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$\sum_{n=1}^{\infty}\frac{(-1)^n}{n^{\frac{1}{10}}}$

According to my understanding, if $\sum\left|a_n\right|$ diverges but $\sum a_n$ converges, then the series is conditionally convergent.

For $\sum\left|a_n\right|$ my series can be test via the p-series test and since $\frac{1}{10} \lt 1$ it diverges.

So next I test $\sum a_n$ using the alternating series test and find that it is a decreasing series and the limit converges to 0.

Thus, I came to the conclusion that this is conditionally convergent. Is this correct?

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    $\begingroup$ @user1952009 This is not what "absolutely convergent" means. Grouping the terms as one pleases is not allowed, it becomes another series. cf. Riemann's Rearrangement Theorem. $\endgroup$
    – Clement C.
    Commented Jul 16, 2016 at 16:16
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    $\begingroup$ It does change things. You are looking at another series, $\sum_n b_n$ with $b_n = a_{2n-1}+a_{2n}$. That other series is absolutely convergent, but $\sum_n a_n$ is not. $\endgroup$
    – Clement C.
    Commented Jul 16, 2016 at 16:18
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    $\begingroup$ But that statement is utterly confusing, then. What does your "it" refer to? Given that the OP is asking about a specific series, while your statement is only true if "it" refers to a different (related) series you implicitly define after using the pronoun, it can only bring confusion. (Especially since it's about a point the OP was not asking about, and most likely not considering to begin with) $\endgroup$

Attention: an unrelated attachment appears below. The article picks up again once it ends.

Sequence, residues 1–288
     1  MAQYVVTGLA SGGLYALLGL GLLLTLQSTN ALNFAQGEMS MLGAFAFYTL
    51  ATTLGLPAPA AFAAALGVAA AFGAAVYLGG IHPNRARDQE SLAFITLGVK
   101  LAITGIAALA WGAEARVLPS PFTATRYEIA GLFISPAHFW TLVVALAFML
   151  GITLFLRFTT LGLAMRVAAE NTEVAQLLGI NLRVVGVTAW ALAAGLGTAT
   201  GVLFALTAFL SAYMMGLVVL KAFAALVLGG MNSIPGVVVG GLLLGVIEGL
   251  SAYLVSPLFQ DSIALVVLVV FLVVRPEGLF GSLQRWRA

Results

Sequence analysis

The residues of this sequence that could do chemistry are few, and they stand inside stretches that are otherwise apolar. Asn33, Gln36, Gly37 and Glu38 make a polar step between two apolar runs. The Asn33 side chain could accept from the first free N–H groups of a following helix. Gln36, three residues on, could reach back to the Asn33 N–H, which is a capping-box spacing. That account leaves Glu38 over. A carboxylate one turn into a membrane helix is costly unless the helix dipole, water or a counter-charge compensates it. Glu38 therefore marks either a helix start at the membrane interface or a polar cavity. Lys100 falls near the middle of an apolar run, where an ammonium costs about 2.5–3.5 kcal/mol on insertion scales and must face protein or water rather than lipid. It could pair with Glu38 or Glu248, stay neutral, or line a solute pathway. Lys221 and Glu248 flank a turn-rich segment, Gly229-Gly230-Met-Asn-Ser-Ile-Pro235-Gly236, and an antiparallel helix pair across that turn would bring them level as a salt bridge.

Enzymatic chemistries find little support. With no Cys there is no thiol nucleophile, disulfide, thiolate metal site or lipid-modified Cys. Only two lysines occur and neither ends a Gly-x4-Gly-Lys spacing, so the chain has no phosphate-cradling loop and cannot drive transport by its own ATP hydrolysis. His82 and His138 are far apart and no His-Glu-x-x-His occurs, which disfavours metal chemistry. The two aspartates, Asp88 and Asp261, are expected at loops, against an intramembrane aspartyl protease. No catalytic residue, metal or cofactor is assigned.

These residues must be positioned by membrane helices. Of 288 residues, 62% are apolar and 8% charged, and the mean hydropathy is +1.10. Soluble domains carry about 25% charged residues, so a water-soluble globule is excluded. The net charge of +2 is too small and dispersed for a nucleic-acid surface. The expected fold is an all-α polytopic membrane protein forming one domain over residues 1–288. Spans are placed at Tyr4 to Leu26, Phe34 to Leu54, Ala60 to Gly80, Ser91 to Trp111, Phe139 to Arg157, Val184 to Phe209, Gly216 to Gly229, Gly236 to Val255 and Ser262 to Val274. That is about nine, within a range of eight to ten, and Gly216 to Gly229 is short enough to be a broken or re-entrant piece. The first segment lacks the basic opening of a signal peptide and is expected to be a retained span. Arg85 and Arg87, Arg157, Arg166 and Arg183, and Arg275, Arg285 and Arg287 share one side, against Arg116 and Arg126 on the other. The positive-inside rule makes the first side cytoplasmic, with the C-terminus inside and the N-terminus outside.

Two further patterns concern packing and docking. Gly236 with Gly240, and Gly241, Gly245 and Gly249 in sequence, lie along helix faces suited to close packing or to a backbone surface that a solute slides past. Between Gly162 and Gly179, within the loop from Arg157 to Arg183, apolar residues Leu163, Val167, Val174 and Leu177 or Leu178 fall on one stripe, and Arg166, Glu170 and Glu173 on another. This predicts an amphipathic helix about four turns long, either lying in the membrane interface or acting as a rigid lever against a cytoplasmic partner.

– Clement C.
    Commented Jul 16, 2016 at 16:21
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    $\begingroup$ True, but then so is the (divergent, so not even well-defined) series $\sum_n (-1)^n$... :) $\endgroup$
    – Clement C.
    Commented Jul 16, 2016 at 16:24
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    $\begingroup$ (as a last comment: basically, any conditionally convergent series you can use the alternating series test on will allow the same grouping you used: pairing even and odd terms will result in an absolutely convergent series, as all terms have the same sign) $\endgroup$
    – Clement C.
    Commented Jul 16, 2016 at 16:29

2 Answers 2

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Yes, it is. (Note however that to be fully correct, the statement you make should read that "$(\lvert a_n\rvert)_n$ is a decreasing sequence," not that "$\sum_n a_n$ is a decreasing series.")

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  • $\begingroup$ All too easy... +1 $\endgroup$
    – Mark Viola
    Commented Jul 16, 2016 at 19:23
  • $\begingroup$ @Dr.MV "I like my proofs like I like my eggs."? $\endgroup$
    – Clement C.
    Commented Jul 16, 2016 at 19:26
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    $\begingroup$ Over easy I presume. $\endgroup$
    – Mark Viola
    Commented Jul 16, 2016 at 19:27
  • $\begingroup$ Or scrambled so nobody can refute? $\endgroup$
    – Mark Viola
    Commented Jul 16, 2016 at 19:27
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    $\begingroup$ And you would be correct. It was actually African or European. But it was only an homage, and thus need not be identical. $\endgroup$
    – Mark Viola
    Commented Jul 16, 2016 at 19:50
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A monotonically descending alternating series converges, is that series a A monotonically descending alternating series ?

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